Popular drinks in Kyrgyzstan
Tea and Coffee – Tea (black or green) is common and comes in various forms. In the North of the country it is usually made strong and mixed with hot water when served – but in the South it is poured direct from the pot. Don't be surprised if you see the hostess pour the first few cups back into the pot – this is normal. It may well be served in a small bowl rather than a cup. Coffee is more likely to be instant served, without milk.
Arak (Kyrgyz for Vodka) the most common and popular form of hard alcohol – watch out for Samagonka – home made vodka. When drinking vodka - watch your hosts – Russians tend to drain their glasses – “down in one” – and so do many Kyrgyz – but a lot of Kyrgyz only drink half the glass.
Balsaam – sometimes known by its trade name Arashan – made from a variety of local herbs and spices, this was popular in Soviet times for its medicinal properties. Slightly alcoholic, it is mixed with coffee, tea, or even vodka and is claimed to be therapeutic for treating colds, coughs and other ailments.
Chalap – a traditional drink that you might encounter in rural areas. It is made from korut (small balls of cheese made from sheep milk) and then diluted with cold water.
Cognac – Kyrgyz Cognac is the local form of brandy. It comes in various qualities some of which are quite good.
Champagne – dryish and crisp when well cooled.
Wine – Kyrgyzstan does grow grapes and does produce wine. Most of it fairly sweet and not to the visitors' taste.
Beer – many brands of imported beers are now available and a German-Kyrgyz joint venture produces Steinbrau, a German type beer brewed locally in Bishkek. Most local brands are cheaper but do not keep well and need to be drunken свежий - “fresh” (i.e. within three days).
Kumys – (or koumiss) - fermented mare's milk, is an acquired taste. Kumys is sold from the roadside throughout the country in the summer but it is best from the herders themselves in more remote mountain regions such as around Son-Kul. Refusing a drink of kumys can cause offence. The traditional way of making koumiss is for mare's milk to be stored in animal skins (chinach), which has been cleaned and smoked over a fire of pine branches to give the drink a special smell and taste. One third of yesterday's milk is mixed with new milk and allowed to ferment in the warmth of the yurt. It is then churned, beaten with a wooden stick (a bishkek) and becomes alcoholic before turning into lactic acid. In the 1840's, Russian doctors discovered that kumys had curative properties and used it for treating tuberculosis, anemia, chronic lung diseases and gynecological and skin diseases. Some 16 special sanatoria were established which treated patients with lots of fresh air, exercise and koumiss. They served a number of famous people including members of the imperial family, Lev Tolstoy, Maxim Gorky, and even a minor British Member of Parliament who made the journey to Central Asia especially to undergo the treatment. Unfortunately, traditional kumys can be stored for only up to three days, so production is limited to the milking period of mares. To solve this problem, a method of producing pasteurised kumys was developed allowing treatment all year round, and even export. A special facility has recently started for the production of pasteurised kumys in the Naryn region.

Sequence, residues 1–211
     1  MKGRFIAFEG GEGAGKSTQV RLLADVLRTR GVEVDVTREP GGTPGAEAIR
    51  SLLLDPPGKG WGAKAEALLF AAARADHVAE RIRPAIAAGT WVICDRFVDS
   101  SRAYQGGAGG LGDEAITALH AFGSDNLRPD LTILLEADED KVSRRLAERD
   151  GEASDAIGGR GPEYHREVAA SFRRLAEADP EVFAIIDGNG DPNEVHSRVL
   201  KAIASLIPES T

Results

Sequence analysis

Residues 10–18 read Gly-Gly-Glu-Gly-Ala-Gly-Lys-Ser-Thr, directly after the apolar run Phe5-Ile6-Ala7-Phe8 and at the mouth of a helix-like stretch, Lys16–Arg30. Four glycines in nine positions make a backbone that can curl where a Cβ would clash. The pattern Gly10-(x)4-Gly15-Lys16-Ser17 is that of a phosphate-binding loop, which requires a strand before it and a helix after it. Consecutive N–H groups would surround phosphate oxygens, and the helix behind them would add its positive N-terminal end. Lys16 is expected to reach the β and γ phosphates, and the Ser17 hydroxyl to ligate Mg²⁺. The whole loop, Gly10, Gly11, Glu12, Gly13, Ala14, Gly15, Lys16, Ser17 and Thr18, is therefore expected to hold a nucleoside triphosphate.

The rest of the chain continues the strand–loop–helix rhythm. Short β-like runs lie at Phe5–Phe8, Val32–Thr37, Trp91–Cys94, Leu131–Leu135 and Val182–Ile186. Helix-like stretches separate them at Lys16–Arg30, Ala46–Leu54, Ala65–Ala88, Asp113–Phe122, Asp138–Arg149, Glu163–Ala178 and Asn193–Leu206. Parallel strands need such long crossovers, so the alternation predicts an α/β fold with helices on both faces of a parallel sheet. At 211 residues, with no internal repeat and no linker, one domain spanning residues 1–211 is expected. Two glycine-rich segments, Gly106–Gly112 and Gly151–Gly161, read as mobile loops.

Bozo – an alcoholic drink made from boiled, fermented millet grains – sometimes called “Kyrgyz beer”.
Maksim - (Shoro is a brand name which is sold from Barrels on Bishkek streets) – is a wheat based drink that Kyrgyz like to drink in the summer and is said to be particularly healthy. Sometimes you might come across it under the name Jarmah .
Airan (also known as Kefir) – is a milk drink that resembles a drinking yoghurt.